In 1929 regulations for specific oath language were enacted that began with the renunciation of all allegiance to any foreign prince, potentate, state, or sovereignty and followed with a promise to “support and defend the Constitution and laws of the United States of America against all enemies, foreign and domestic.” On the eve of World War II the phrase “I will bear arms on behalf of the United States” was added to the elements of the oath. The current oath based on the five elements, is as follows:
“I hereby declare on oath, that I absolutely and entirely renounce and abjure all allegiance and fidelity to any foreign prince, potentate, state, or sovereignty of whom or which I have heretofore been a subject of citizen; that I will support and defend the Constitution and laws of the United States of America against all enemies, foreign and domestic; that I will bear true faith and allegiance to the same; that I will bear arms on behalf of the United States when required by law; that I will perform noncombatant service in the Armed Forces of the United States when required by law; that I will perform work of national importance under civilian direction when required by law; and that I take this obligation freely without any mental reservation or purpose of evasion; so help me God.”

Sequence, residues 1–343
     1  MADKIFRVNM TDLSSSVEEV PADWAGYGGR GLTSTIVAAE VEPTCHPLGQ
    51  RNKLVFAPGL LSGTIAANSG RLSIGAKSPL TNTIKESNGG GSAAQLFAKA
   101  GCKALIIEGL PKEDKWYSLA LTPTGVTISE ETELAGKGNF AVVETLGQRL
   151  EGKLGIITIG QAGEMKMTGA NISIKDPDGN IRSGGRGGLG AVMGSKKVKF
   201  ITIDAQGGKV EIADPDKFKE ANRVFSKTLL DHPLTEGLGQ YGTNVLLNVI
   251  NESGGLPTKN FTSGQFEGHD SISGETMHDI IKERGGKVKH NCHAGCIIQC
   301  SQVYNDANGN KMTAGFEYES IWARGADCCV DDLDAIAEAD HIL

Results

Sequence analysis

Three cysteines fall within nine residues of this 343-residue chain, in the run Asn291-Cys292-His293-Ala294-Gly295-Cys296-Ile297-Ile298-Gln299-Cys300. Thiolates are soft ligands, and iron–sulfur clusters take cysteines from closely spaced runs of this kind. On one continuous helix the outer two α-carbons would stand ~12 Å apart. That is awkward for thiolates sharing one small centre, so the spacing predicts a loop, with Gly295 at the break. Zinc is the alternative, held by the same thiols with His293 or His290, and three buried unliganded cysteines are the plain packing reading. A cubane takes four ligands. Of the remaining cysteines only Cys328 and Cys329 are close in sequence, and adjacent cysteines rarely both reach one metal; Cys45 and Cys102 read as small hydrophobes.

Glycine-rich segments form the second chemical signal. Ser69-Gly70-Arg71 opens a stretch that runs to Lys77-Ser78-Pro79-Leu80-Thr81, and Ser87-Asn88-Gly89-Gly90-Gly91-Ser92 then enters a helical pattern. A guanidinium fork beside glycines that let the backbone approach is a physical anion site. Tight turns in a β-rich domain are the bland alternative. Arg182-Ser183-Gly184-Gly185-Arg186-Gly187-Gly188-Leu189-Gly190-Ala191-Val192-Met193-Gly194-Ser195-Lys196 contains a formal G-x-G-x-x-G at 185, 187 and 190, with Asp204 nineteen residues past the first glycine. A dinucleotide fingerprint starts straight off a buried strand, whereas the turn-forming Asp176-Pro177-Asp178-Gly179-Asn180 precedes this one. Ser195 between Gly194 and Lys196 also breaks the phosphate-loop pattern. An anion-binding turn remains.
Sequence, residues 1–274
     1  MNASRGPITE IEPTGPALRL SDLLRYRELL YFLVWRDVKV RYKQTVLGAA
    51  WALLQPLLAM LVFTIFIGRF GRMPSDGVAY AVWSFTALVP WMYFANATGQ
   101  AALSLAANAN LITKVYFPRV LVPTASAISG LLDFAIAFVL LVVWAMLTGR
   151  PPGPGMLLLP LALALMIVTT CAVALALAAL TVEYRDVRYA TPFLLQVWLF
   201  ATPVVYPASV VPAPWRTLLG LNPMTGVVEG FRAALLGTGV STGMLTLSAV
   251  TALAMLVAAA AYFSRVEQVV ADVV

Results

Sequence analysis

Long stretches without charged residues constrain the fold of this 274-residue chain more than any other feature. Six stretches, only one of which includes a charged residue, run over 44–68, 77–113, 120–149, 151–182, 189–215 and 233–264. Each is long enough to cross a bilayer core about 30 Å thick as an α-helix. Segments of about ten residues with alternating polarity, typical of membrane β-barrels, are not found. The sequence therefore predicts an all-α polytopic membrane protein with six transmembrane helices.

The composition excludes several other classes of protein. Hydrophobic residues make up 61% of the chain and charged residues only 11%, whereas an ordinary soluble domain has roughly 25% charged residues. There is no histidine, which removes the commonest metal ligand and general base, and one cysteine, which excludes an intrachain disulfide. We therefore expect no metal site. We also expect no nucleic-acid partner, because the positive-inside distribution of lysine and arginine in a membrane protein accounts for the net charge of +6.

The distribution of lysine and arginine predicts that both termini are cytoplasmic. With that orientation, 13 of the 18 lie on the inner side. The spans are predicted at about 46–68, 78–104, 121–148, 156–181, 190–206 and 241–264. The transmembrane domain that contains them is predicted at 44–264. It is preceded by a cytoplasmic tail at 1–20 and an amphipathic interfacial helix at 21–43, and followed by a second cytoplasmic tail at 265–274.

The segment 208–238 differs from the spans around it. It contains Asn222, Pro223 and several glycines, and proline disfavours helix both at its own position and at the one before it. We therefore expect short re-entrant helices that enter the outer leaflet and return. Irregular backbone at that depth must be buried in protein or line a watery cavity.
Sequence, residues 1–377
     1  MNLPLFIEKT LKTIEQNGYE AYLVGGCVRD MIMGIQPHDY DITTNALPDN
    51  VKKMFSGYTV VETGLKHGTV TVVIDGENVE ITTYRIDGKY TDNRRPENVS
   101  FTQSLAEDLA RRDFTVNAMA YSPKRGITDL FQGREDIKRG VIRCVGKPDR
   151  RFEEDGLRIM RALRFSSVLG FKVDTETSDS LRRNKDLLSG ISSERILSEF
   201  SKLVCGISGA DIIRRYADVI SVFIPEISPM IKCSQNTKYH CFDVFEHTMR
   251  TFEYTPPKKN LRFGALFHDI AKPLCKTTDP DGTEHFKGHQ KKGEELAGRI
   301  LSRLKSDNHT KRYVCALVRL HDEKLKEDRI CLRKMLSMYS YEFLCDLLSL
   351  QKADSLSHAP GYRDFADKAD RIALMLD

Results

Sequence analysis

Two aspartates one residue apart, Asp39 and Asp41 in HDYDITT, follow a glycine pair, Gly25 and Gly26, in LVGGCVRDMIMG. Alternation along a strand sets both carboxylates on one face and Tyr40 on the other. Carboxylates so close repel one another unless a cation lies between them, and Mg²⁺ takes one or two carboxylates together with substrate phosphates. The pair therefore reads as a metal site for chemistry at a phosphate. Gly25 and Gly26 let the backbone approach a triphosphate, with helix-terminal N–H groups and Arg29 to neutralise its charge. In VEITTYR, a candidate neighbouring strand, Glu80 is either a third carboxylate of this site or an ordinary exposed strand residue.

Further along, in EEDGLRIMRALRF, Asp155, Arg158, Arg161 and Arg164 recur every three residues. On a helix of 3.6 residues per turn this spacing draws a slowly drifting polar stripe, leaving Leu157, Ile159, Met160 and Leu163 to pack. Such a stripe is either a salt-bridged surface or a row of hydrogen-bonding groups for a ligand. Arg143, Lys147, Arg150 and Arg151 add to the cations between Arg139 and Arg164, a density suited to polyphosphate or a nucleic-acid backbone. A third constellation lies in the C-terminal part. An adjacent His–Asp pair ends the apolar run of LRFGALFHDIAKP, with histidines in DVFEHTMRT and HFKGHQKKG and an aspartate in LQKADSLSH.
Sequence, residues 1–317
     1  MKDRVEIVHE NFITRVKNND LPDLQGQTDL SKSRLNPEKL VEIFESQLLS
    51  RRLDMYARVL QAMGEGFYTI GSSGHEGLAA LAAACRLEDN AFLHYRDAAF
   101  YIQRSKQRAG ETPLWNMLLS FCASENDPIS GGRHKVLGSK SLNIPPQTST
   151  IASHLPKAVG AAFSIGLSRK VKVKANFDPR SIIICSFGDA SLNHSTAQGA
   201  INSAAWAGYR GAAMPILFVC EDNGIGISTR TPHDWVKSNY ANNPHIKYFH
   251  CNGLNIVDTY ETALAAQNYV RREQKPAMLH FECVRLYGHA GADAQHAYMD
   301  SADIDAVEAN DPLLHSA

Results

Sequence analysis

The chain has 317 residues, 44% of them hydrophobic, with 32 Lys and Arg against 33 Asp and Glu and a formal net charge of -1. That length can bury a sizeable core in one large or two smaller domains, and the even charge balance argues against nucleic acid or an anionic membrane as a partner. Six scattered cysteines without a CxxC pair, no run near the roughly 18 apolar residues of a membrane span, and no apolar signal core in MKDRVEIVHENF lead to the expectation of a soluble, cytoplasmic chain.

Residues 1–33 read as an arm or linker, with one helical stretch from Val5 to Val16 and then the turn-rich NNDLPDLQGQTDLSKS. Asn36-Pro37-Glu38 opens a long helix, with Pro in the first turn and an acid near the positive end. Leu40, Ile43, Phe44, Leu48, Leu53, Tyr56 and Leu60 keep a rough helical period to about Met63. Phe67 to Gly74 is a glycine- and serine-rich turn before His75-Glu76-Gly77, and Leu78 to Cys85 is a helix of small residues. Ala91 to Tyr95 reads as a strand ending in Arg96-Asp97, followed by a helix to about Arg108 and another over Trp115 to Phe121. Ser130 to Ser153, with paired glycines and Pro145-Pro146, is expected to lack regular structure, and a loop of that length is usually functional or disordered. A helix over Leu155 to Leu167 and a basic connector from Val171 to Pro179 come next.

It is vitally important to have an Oath that is rhetorically unambiguous and inspiring, and substantively significant to the meaning of American citizenship. The language should be solemn and majestic. It must not be pedestrian. Above all, it should both focus the mind and stir the heart.
Congressman Jim Ryun has stated that “we need a forceful and uncompromising Oath of Allegiance.” The Senate sponsor, Lamar Alexander, has declared that he likes the current Oath because “It has strength. It has clarity.”
Congressman Ryun and Senator Alexander are certainly right that the current Oath possesses powerful, historic, and majestic language and phrases. We know that others disagree and object to words like “abjure” and “potentate” that they call archaic and obscure.
Reasonable people can disagree about the utility of these two words, but what is absolutely essential are three major points.
First. Congress should decide the Oath
The Oath is a serious expression of American national identity (like, for example, the National Anthem) that should be decided by the elected representatives of the people. No single Administration should be able to change or alter the words of the Oath on their own volition.